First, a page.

At what price security?If one has a keen political eye, here’s a query that may have crossed your mind. Is there an instruction manual senior government officials study that includes specific instructions on the depth and length of the bow that is appropriate before the president when they receive appointment credentials? If there isn’t, it’s an odd coincidence that all cabinet nominees slam their heads down to their waists to achieve a 90 degree bow. Maybe it comes out naturally from an overwhelming gratitude and respect for the president. Or maybe people eligible for top government posts are simply born with exquisite manners. Or someone whispered in their ears.
But it turns out, there’s a more practical explanation. Lee Kwang-jae, former Gangwon Governor who served as a state affairs secretary for President Roh Moo-hyun, was also curious about this phenomenon. He wondered why cabinet ministers ducked so low before the president. He found out it was all about the pictures.
The president and ministers stand at a certain angle to allow the best shot for the presidential press corps. There is a small distance between the press and the minister receiving his or her credentials. The best full shot can be achieved with the minister bowing his head to his waist by keeping an arm’s distance from the president. It had nothing to do with the character or manners of the nominees, but merely provided the best angle for the morning papers.
A certain distance between the president and his guests needs, of course, to be kept for security reasons though the regulation is less strict for cabinet members as they obviously should not pose a threat to the president. Lee later recalled that all the formalities are a part of a legacy from authoritarian governments.
Tension between the presidential staff and security service persists. A bodyguard of the presidential security service wearing a wire stood in the presidential office when the president-elect was meeting with the president five years ago.
When he was asked to leave, he politely declined, citing regulations. Yim Tae-hee, then-chief secretary for President-elect Lee Myung-bak, pulled him out, insisting on privacy. One presidential staffer later said of the incident: “How could one talk freely when there is someone out there listening?” - referring to the chief of the Presidential Security Service, who could be tuning in to whatever came through that agent’s microphone. Other presidents and their staffs also had complaints. President Kim Young-sam learned of the strict security regulations three months after being in office, but it was too late to change anything. President Lee Myung-bak’s transition team made amendments before starting.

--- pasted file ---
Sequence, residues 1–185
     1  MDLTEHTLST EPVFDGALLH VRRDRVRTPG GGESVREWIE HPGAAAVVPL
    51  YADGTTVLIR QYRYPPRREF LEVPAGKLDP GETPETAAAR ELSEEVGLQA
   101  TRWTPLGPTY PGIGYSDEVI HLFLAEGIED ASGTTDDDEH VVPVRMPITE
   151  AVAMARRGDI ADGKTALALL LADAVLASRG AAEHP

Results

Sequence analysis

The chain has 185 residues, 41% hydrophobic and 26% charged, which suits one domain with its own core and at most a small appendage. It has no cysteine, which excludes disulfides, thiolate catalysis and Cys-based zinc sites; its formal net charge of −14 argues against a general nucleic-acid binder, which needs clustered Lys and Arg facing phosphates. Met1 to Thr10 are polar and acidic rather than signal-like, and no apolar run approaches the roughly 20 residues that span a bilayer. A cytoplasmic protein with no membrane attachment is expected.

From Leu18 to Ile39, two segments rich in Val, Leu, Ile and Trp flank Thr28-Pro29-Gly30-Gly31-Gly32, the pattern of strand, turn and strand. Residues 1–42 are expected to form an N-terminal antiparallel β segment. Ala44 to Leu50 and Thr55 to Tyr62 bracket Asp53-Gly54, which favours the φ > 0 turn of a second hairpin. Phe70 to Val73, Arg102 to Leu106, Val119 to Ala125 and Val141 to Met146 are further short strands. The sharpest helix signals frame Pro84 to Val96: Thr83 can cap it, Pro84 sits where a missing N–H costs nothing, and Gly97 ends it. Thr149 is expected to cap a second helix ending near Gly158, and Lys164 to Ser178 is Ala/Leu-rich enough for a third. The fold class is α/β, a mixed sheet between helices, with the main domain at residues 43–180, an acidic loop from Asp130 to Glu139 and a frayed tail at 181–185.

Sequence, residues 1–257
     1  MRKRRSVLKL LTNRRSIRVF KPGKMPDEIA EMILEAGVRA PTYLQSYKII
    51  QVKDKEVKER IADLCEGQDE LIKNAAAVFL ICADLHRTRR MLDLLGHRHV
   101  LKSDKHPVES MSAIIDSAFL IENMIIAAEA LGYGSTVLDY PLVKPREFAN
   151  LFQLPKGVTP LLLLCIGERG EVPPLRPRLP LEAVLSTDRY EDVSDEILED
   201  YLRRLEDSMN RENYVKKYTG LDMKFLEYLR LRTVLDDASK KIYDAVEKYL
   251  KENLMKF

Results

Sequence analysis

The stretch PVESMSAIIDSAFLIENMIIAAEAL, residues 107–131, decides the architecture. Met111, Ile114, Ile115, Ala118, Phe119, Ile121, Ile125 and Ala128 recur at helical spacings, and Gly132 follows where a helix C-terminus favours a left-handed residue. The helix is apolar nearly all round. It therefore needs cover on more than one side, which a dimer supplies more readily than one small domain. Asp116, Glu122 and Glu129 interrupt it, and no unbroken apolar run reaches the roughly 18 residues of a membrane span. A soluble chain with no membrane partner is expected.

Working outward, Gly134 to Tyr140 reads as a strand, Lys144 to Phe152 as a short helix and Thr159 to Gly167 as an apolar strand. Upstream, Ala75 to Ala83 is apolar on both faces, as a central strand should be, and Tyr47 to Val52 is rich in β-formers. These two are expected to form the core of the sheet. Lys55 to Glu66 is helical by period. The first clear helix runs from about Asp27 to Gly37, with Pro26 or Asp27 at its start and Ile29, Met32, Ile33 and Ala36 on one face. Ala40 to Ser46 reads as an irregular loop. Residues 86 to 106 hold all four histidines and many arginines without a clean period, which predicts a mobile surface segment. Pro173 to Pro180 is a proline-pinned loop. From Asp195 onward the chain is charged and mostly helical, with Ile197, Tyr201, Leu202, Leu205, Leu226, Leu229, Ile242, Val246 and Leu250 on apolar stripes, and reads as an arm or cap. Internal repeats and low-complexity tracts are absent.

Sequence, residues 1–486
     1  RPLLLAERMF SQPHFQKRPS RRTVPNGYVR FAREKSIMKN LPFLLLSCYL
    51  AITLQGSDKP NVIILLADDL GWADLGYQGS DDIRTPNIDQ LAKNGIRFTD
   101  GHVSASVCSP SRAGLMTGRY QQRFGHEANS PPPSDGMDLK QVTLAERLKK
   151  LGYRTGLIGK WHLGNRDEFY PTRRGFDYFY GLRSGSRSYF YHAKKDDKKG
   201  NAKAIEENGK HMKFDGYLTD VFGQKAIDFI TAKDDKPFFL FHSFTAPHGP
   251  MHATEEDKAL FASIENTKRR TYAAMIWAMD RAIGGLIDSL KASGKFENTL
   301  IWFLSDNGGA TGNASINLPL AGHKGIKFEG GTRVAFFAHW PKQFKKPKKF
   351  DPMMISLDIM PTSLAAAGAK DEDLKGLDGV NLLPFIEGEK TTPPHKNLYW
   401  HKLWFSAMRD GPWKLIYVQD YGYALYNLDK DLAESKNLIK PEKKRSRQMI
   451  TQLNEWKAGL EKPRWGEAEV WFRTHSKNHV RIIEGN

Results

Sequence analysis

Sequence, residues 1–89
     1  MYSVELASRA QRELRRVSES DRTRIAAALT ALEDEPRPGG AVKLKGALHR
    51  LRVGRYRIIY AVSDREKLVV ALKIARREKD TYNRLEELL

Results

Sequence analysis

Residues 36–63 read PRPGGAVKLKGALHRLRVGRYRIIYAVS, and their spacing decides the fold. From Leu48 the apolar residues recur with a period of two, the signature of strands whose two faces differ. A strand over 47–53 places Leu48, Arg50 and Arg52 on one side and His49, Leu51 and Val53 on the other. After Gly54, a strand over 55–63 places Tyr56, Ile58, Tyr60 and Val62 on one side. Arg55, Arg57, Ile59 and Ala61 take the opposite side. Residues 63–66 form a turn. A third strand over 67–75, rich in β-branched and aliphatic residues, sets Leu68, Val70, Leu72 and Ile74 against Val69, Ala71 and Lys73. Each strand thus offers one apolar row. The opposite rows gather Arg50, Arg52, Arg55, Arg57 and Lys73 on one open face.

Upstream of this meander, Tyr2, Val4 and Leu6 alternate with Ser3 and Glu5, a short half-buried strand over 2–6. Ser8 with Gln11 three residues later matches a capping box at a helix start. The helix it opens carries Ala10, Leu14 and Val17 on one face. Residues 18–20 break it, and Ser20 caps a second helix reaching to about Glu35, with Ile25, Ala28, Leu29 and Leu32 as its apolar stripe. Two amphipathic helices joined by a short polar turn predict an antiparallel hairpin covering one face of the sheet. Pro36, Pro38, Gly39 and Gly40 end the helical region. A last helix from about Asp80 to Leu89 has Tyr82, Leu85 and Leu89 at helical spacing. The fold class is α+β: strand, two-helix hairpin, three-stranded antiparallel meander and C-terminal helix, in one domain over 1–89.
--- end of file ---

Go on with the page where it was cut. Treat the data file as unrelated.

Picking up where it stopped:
President Lee not only kept bodyguards outside his office, but also downgraded the head of the security service to the vice ministerial level. Lee, as executive of a large company, had been humiliated and intimidated by the security officials whenever he visited the presidential office. Visitors were given scripts to read from before the president in the 1970s.
Regardless of the downgrade, the security service remains strong. The president cannot go to places the security officials forbid. One senior presidential secretary wanted to drive his own car after he joined the Blue House, but the security office demanded all senior staff drive security-proof cars provided by the Blue House. He protested for several days by going to work by taxi. The chief of the security service also runs errands for the president unrelated to security affairs. The security service still wields mighty influence in the Blue House.
Some aides complain that the stewards of the Blue House are actually the security officials. They are not simple bodyguards as in other countries as they physically stand between the president and aides. There is some worth to their arguments. The president and staff come and go every five years. The security service stays on. They are the keepers of the rules and the customs of the Blue House. If security is always first and foremost, however, the president could be overly isolated and become out-of-touch and authoritarian. Past presidents have tried to lower the guard and bring the presidential residence closer to the citizens. But President-elect Park Geun-hye is turning back the clock. She upgraded the security service chief to the ministerial level and nominated a former Army chief of staff to the post. Those signs are not good.
*The author is an editorial writer of the JoongAng Ilbo.
by Ko Jung-ae